A Northampton-based motor neurone disease charity has been awarded £75,000 to provide specialist equipment


A Northampton-based charity specializing in motor neurone disease has received £75,000 to continue providing specialist equipment.

The Motor Neurone Disease Association (MNDA), based in Moulton Park, helps people across the country who suffer from this life-changing condition.

Today, the Wolfson Foundation – an independent grant-making charity that aims to “support civil society by investing in excellent projects in science, health, heritage, humanities and arts” – pledged £75,000 to fund wheelchair accessories and communication aids.

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Ian Lev has already received a scholarship from the MNDA, based in Northampton.

Ian Lev lives with MND and received a grant from the charity to fund the lift part of his wheelchair.

He said: “I can now take part in conversations when people are up, as well as being able to elevate myself to hotel receptions, shopping counters and bars.

“Without the booster seat, I would either be watched by everyone or miss parts of the conversation.

“Being able to engage in conversation at eye level makes me feel more positive and included means I don’t have to ask people to repeat what they say because they’re above my head and beyond. above my ears.

“Thank you to those who helped the MND association finance the booster seat for my wheelchair. Thank you for helping me feel like a normal person.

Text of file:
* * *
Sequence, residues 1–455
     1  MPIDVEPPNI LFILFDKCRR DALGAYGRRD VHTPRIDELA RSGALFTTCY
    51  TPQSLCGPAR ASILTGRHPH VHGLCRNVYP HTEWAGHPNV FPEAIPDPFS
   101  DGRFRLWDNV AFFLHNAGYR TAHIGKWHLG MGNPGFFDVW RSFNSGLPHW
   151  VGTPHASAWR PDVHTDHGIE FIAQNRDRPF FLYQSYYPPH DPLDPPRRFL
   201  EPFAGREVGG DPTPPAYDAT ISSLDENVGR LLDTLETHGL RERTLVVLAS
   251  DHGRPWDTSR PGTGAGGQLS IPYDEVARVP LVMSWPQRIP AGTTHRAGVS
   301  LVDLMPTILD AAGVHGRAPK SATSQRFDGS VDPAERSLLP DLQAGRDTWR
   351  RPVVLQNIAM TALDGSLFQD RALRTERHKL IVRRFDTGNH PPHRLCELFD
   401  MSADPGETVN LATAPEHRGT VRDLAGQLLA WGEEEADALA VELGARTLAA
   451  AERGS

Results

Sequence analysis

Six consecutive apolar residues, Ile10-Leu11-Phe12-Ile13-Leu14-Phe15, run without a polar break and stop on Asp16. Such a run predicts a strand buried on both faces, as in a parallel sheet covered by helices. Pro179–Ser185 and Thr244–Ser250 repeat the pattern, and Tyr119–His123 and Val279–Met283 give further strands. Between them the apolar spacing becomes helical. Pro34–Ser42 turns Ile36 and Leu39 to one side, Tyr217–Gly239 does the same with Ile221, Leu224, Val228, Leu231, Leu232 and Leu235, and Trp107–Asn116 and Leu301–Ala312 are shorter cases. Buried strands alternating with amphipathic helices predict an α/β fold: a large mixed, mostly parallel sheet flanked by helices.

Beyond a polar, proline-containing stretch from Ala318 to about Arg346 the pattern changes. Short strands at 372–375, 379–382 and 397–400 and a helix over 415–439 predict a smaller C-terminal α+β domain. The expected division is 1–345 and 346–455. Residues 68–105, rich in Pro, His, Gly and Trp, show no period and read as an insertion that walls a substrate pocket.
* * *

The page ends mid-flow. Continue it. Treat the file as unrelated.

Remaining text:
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The charity offers equipment loans and financial support to people living with MND. This includes communication aids and apps to help people who experience communication difficulties or loss of voice and its wheelchair assistance service can provide additional accessories, such as attendant controls, block supply or a seat lift.

Sally Light, CEO of MNDA, said, “A huge thank you to the Wolfson Foundation for this grant which will help provide much needed support to people living with MND and improve their quality of life.

Paul Ramsbottom, CEO of the Wolfson Foundation, added: “Our relationship with the Motor Neurone Disease Association goes back more than three decades.

“We are delighted to support the remarkable work of the charity as it seeks to tackle this most difficult disease.”


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